Football mounts comeback to extend streak over Bruins

Sept. 25, 2016, 5:33 p.m.

For nearly all of Stanford’s Saturday night showdown against UCLA, it looked like the Bruins had what it took to hand the Cardinal their first defeat of the 2016 season.

That changed in a hurry in the final two minutes, when senior quarterback Ryan Burns led the Cardinal on a 70-yard touchdown drive to give them a lead with 24 seconds remaining. Junior defensive end Solomon Thomas then returned a Josh Rosen fumble for a touchdown as time expired, cementing No. 7 Stanford’s 22-13 victory and robbing UCLA of a chance to break its eight-game losing streak against the Cardinal.

In a game in which both teams struggled to consistently execute on offense, the score explosion of the last few minutes left Stanford (3-0, 2-0 Pac-12) feeling lucky to escape with a win in Pasadena — and the Bruins wondering what might have been. UCLA (2-2, 0-1) kept the Cardinal out of the end zone for 59 of the game’s 60 minutes and largely contained Heisman contender Christian McCaffrey, but the Bruins couldn’t get the final stop they needed to get their first win over the Cardinal in the David Shaw era.

“They kicked our backsides pretty well, early and often,” Shaw said after the game. “They got us on both sides [of the ball]. We made too many mistakes, and they made too many plays.”

McCaffrey would finish with a respectable 138 rushing yards, but for once, he wasn’t the hero of the Cardinal’s comeback performance. That honor went to sophomore receiver JJ Arcega-Whiteside, who out-jumped a defender to pull down Burns’ touchdown pass and give Stanford the lead with seconds to go in the fourth.

“[It was] surreal, I’ll tell you what,” said Arcega-Whiteside. “I’ve been dreaming about [getting] a game-winning touchdown since I was little… At the same time, I’m more happy that everybody contributed on the last drive and that they trusted me to make the final play.”

Arcega-Whiteside hadn’t recorded a catch before Saturday’s game but finished as Stanford’s second-leading receiver on the night with three catches for 29 yards. Sophomore Trenton Irwin enjoyed a breakout game for the Cardinal as well, notching 7 catches for 81 yards as Burns struggled to find his preferred targets, McCaffrey and fifth-year senior Michael Rector.

It was the Cardinal defense that was the main highlight for the team for most of the night, however, as it held UCLA to a stingy 2.3 yards per carry and prevented Rosen from taking over the game with his arm. The Bruins’ sophomore phenom finished 18-27 with 248 yards but proved unable to find the end zone except when his team was set up on a short field by a Burns interception in the first quarter.

Rosen’s efforts nearly proved enough, as senior Eddie Vanderdoes and the UCLA defense put on a highlight reel of their own by shutting the Cardinal down in the red zone. Prior to the final drive, the Bruins held Stanford to just a single completion in the second half as they continually rose to every challenge that the Cardinal presented them with.

“Their front seven is really talented,” Burns said after the game. “That secondary is really talented — they were creating problems for us. I wasn’t making the best throws, and I definitely didn’t make the best decisions. [But this is] the kind of team we are — we’re never going to give up; we’re never going to back down.”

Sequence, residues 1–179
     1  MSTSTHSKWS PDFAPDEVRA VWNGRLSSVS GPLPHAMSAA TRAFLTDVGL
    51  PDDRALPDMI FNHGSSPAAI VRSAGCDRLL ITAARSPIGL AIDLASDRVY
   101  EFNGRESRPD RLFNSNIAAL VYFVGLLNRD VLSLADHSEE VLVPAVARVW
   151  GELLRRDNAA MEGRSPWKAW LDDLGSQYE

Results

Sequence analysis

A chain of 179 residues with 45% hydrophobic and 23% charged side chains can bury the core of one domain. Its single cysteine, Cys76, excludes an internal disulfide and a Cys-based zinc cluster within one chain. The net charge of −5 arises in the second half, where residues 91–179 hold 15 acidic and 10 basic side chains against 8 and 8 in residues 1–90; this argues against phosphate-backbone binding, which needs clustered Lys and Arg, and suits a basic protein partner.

Kicker Conrad Ukropina was called on frequently to keep Stanford in the game, and the fifth-year senior obliged by going a perfect 3-for-3 to keep the Cardinal within a possession of their Southern Californian rivals.

In the end, it took a mistake on special teams by the Bruins to truly jumpstart the Stanford offense. A kick-catch interference was called on UCLA’s Marcus Rios on a Bruins punt with 2:05 left in the fourth quarter, giving Stanford a critical 15 yards of field position at the beginning of the team’s final decisive scoring drive. The penalty provided a crucial shift in momentum for the Cardinal, and Burns followed it up by completing 5 of his next 8 passes, culminating in his 8-yard toss to Arcega-Whiteside.

“We knew we could do what we did,” said Burns. “[It was just a matter of] making sure everyone was in tune with what we were doing and executing well.”

Stanford will need to figure out its offensive problems in a hurry, as the No. 10 Washington Huskies (4-0, 1-0) and the Pac-12’s second-ranked defense awaits the team in Seattle this Friday.

The Cardinal may have to make the trip without some of their key players. Junior cornerback Alijah Holder, junior cornerback Quenton Meeks and senior receiver Francis Owusu all left the Rose Bowl with injuries, and their status is unknown for the trip to Washington this week. Senior fullback Daniel Marx was also injured early in the fourth quarter but returned to finish the game.

For the most part, the players from further down Stanford’s depth chart stepped up to fill these empty spots against UCLA. Junior cornerbacks Terrence Alexander and Alameen Murphy made a number of plays to contain the Bruins’ talented wide receivers, and Arcega-Whiteside proved more than capable while stepping in for Owusu.

The Huskies feature some of the conference’s best cornerbacks and receivers, however, and could provide a stiff test to these comparatively untested alternatives.

The Cardinal will kick off against Washington this Friday at 6 p.m on ESPN.


Contact Andrew Mather at amather ‘at’

Andrew Mather served as a sports editor and as the Chief Operating Officer of The Daily. A devout Clippers and Iowa Hawkeyes fan from the suburbs of Los Angeles, Mather grew accustomed to watching his favorite programs snatch defeat from the jaws of victory. He brought this nihilistic pessimism to The Daily, where he often felt a sense of déjà vu while covering basketball, football and golf.

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